The UK is ready to set out its vision for how it wants financial services to operate after Brexit, favouring an ambitious “mutual recognition” of regulations to preserve the City of London’s access to the EU.

The move is backed by the City but Michel Barnier, EU trade negotiator, has repeatedly warned that the UK will not be able to negotiate special access arrangements to the single market for financial services.

It sets the stage for one of the most fraught elements of the Brexit negotiations.

Mrs May’s team believe that Mr Barnier is bluffing and that ultimately the EU will negotiate a deal that maintains European access to London’s deep capital markets.

Under Britain’s proposal, the UK and the EU would agree on common objectives such as financial stability and consumer protection, but it would allow both sides some leeway to set their own rules to achieve those goals.

Britain and the EU would recognise each other’s regulatory and supervisory regimes, while there would be a monitoring regime to assess any divergence. A dispute resolution mechanism would calibrate market access or impose other conditions — for example higher capital requirements — if it was judged that either side was diverging too far.

Three senior figures briefed on Brexit discussions in the cabinet said that the government will back the plan, also favoured by Mark Carney, the Bank of England governor. One said: “They are going down the route of mutual recognition.”

Another person close to the discussions called the preferred option a “dynamic reciprocal mutual recognition model”. The Treasury declined to comment. Philip Hammond, the chancellor, is expected to endorse the idea in a speech that could come as early as next week. His allies cautioned, however, that a final decision on a preferred model has not yet been taken.

Miles Celic, chief executive of TheCityUK lobbying group, said: “This has been our plan A, plan B and plan C for about 12 months or more.”

Stephen Jones, chief executive of UK Finance, which represents around 300 firms, said: “Through mutual recognition, closely aligned standards and supervisory co-operation, we can preserve some of the benefits of market access without sacrificing regulatory autonomy.”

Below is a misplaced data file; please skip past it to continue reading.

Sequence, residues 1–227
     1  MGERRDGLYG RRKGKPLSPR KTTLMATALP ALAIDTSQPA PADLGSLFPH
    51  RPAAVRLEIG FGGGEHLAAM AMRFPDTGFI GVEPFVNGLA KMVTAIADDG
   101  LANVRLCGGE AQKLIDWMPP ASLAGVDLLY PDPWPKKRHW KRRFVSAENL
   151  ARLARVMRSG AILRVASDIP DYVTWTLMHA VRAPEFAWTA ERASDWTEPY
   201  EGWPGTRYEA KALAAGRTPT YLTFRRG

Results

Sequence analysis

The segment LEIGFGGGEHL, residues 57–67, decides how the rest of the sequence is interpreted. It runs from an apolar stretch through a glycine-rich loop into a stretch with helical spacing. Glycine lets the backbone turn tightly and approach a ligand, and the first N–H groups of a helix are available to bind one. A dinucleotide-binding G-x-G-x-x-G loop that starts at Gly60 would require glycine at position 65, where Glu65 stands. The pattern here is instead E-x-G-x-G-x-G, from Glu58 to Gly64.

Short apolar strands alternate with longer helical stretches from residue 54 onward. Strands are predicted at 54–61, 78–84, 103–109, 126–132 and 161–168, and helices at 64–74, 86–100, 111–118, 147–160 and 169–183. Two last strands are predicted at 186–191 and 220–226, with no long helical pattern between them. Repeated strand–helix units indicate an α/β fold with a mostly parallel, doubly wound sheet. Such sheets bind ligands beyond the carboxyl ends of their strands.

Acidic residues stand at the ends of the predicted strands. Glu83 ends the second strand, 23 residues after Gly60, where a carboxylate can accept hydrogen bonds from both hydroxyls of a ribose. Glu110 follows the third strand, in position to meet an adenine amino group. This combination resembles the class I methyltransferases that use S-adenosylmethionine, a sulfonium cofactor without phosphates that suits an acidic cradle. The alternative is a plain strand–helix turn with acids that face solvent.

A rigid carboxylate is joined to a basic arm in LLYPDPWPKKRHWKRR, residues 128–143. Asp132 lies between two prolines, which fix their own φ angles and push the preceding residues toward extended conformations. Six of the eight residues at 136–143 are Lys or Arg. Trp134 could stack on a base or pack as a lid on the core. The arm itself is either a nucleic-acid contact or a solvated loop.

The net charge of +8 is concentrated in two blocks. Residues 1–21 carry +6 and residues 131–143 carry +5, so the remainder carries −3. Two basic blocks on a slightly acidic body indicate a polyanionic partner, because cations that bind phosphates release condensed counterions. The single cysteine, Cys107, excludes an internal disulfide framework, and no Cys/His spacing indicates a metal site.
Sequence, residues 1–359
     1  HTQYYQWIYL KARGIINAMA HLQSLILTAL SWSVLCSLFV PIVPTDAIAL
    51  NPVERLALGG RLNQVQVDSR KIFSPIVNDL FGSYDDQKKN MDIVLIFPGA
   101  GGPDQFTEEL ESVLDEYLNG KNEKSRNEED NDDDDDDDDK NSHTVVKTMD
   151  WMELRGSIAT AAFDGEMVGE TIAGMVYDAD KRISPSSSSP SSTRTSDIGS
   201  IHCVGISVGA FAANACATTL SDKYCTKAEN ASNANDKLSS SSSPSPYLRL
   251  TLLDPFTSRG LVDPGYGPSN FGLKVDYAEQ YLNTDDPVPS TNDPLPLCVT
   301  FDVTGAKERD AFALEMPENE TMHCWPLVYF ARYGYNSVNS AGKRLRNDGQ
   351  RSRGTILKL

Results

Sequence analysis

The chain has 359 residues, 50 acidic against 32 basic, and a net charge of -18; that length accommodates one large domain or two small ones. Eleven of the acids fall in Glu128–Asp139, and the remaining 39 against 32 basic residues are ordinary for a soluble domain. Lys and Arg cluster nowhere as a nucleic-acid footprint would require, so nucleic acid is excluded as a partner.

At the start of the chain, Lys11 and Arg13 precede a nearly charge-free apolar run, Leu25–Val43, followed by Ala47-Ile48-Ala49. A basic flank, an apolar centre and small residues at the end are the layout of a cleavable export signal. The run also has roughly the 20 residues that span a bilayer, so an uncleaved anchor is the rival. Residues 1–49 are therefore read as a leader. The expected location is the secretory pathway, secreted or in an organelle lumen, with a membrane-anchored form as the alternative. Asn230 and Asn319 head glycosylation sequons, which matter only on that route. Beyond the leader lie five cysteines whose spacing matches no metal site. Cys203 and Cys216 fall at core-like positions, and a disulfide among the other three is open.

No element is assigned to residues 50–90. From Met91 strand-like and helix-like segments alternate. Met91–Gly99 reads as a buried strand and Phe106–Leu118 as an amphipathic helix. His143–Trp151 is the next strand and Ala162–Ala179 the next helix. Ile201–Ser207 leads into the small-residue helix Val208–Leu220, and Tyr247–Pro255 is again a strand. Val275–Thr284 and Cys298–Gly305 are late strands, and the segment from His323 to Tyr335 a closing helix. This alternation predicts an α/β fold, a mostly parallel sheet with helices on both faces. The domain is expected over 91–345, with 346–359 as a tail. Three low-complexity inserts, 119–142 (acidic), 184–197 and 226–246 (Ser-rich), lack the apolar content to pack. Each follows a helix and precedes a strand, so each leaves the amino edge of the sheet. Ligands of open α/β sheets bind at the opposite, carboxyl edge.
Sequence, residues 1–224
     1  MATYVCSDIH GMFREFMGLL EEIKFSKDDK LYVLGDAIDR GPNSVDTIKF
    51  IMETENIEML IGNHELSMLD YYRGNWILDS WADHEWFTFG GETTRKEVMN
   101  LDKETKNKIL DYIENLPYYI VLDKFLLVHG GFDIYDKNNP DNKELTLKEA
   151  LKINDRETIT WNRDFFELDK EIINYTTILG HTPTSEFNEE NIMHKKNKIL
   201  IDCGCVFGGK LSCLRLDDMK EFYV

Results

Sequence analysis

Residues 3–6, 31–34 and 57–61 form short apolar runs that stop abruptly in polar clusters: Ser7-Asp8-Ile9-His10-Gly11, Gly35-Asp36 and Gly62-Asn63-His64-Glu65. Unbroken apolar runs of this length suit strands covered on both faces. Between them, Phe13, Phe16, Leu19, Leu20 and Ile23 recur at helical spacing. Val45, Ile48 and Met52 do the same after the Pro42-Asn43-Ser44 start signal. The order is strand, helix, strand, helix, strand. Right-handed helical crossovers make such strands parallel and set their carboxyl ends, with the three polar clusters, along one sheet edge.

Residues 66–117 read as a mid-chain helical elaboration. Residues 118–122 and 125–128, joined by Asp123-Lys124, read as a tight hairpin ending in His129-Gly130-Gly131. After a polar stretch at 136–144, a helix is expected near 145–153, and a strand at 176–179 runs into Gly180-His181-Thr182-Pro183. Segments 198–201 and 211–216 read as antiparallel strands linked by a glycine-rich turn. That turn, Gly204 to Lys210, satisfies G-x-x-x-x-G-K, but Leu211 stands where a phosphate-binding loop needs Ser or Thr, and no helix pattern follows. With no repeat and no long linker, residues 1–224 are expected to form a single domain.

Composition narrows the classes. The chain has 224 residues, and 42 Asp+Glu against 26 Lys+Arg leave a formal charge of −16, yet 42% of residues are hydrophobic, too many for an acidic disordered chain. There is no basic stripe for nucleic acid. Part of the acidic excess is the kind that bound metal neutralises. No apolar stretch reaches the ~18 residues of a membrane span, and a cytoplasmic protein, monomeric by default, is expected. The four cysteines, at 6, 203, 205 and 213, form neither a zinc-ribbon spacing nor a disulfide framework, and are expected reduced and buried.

The proposal was developed by the International Regulatory Strategy Group, an industry body that consulted widely across the EU, as an alternative to the EU’s “equivalence” regime that applies to third countries.

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Europe holds all the cards in the Brexit talks Rachel Kent, a partner at law firm Hogan Lovells and chair of the IRSG’s work on the plan, said equivalence — the EU’s usual method for dealing with financial services providers in third countries — was “sub-optimal for a variety of reasons”. She said it covers only about a third of financial services activities, it requires third countries to shadow new EU laws and “equivalence” designations can be withdrawn by Brussels with 30 days’ notice.

But the EU27 is set to take a tough line on financial services, knowing that protecting the City is one of Britain’s principal negotiating objectives. Any deal is likely to come very late in negotiations. While the EU’s free trade deal with Canada — often cited as a model for post-Brexit Britain — does talk about regulatory co-operation on financial services, EU officials say this is about encouraging closer alignment of standards rather than granting market access.

Mr Barnier said last month that even an ambitious trade deal could not change the fact that the UK would need to rely on equivalence — the standard market access arrangements for non-EU countries.